However, Mr Harrington’s core focus was on the difficulties to balance the company’s accounts. For several years the deficit on the account was accelerating. Reference is given that one of the serious reductions to profits was the withdrawal of the British military and naval forces from Cork and district. It was estimated at a loss of at least one million pounds annually to Cork.
From 1 January 1923 to 23 April 1923 closing down for goods and people traffic due to Civil War damage caused financial loss. The general dockers strike in Cork from August to November 1923 also caused a serious cost to the company. Rates and taxation created a large financial loss for the company, which ultimately led the way to the company’s demise a decade later.
At the AGM for February 1925, the financial losses had expanded. Persistent wet weather ruined the 1924 summer excursion traffic and ordinary traffic was disastrously affected by the depression in trade prevailing all over the South of Ireland. Furthermore, the closing down of Haulbowline and the dearth of work at Passage and Rushbrooke Dockyards, which used to bring the railway so much business, had seriously diminished receipts.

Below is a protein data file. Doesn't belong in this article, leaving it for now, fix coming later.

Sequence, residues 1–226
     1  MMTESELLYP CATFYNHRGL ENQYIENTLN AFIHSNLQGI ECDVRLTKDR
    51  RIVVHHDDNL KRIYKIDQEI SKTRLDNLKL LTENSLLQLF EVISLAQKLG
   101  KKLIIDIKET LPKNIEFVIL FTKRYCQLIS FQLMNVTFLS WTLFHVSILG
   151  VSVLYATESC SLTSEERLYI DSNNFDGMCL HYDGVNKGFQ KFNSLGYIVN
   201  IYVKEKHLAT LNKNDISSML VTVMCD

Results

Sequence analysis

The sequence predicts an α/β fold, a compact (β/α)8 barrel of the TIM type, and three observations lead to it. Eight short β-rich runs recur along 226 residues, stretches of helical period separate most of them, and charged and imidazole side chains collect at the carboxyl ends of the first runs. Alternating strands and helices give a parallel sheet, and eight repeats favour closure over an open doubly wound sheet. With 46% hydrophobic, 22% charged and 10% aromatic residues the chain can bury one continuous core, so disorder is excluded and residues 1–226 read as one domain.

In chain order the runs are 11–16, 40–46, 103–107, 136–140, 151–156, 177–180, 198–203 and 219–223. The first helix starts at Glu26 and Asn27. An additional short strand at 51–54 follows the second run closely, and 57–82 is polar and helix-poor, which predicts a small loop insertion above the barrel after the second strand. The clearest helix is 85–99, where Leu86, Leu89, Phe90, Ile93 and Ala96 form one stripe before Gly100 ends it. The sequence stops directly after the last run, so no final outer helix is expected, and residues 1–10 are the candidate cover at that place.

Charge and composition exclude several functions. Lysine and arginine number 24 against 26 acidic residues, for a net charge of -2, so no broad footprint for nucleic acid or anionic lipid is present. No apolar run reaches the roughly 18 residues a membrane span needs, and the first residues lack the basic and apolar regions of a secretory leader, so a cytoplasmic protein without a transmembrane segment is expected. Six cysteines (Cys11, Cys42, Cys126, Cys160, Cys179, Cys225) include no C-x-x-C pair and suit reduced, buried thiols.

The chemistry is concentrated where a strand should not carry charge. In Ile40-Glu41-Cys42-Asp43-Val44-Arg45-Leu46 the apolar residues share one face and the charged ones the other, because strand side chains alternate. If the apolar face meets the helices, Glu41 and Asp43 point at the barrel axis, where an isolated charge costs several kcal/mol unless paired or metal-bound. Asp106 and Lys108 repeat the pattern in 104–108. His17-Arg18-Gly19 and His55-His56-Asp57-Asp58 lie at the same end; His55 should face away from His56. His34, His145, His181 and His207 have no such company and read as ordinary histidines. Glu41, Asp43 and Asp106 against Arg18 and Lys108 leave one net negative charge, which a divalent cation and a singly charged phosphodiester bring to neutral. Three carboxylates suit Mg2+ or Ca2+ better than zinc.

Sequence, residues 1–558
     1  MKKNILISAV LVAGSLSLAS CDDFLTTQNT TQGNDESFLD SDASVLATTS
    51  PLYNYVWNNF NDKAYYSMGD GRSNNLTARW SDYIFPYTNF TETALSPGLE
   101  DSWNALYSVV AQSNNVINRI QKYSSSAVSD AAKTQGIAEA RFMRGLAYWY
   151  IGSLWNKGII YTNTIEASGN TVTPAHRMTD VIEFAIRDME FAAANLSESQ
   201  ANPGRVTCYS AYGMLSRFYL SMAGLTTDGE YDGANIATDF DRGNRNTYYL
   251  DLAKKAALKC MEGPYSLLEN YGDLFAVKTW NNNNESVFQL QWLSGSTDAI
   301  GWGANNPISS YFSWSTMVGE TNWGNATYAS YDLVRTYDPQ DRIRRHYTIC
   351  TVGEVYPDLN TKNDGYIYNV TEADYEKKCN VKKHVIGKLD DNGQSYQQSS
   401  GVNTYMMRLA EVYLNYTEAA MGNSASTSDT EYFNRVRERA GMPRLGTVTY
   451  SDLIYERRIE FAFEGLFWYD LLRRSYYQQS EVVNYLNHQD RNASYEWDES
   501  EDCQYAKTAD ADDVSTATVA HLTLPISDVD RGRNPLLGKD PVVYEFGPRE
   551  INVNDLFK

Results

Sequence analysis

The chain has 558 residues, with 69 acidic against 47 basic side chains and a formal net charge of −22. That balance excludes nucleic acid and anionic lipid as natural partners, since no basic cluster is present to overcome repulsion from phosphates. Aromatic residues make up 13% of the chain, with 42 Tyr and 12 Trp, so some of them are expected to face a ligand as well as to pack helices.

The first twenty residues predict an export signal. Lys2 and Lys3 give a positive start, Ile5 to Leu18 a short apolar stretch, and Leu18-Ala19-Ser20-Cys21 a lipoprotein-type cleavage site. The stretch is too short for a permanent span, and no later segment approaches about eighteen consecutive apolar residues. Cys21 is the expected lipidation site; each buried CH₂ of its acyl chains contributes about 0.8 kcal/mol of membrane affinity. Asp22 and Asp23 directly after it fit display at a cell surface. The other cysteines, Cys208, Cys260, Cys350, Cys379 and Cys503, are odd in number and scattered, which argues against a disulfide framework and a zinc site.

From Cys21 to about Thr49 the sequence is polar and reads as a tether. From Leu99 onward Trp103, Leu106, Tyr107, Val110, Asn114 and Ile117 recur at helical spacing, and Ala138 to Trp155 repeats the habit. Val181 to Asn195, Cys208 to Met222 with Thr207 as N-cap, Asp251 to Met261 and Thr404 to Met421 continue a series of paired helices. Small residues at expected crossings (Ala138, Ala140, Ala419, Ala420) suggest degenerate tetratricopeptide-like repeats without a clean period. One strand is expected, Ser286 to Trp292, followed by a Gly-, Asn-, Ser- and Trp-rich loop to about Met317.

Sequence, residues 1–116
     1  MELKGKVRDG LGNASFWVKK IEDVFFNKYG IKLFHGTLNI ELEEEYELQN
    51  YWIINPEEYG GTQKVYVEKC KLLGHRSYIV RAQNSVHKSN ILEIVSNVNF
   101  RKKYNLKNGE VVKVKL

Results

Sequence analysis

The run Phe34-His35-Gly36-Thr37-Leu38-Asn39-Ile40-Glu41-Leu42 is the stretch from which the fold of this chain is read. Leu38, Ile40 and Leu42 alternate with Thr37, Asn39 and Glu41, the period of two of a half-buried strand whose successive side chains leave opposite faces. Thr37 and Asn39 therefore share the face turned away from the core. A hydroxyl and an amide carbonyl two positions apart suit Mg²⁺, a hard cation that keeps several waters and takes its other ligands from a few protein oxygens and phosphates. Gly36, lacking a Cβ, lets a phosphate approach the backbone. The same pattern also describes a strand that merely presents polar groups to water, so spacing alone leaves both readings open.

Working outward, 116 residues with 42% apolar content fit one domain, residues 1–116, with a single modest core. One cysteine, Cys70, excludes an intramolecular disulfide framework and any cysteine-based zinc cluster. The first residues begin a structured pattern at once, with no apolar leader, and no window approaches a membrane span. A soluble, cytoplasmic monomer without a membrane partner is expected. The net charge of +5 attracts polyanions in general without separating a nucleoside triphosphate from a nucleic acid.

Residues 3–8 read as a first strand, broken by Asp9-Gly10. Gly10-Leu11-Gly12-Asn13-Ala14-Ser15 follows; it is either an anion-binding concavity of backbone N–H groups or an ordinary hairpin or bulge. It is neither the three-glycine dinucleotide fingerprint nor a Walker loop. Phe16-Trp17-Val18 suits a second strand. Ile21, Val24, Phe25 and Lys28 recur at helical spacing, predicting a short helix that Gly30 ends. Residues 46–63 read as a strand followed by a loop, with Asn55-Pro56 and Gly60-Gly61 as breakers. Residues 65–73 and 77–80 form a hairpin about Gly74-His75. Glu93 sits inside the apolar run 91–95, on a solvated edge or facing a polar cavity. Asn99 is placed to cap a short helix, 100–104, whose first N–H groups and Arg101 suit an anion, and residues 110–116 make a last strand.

Reference is also made that on 13 August 1924, approval of the Great Southern Preliminary Absorption Scheme 1924 took place. Compensation was given to directors who suffered loss by the abolition of their office. Ultimately though, this took away a more localised focus and created a more centralised focus, whereby several railway companies came under the Great Southern Railway Company.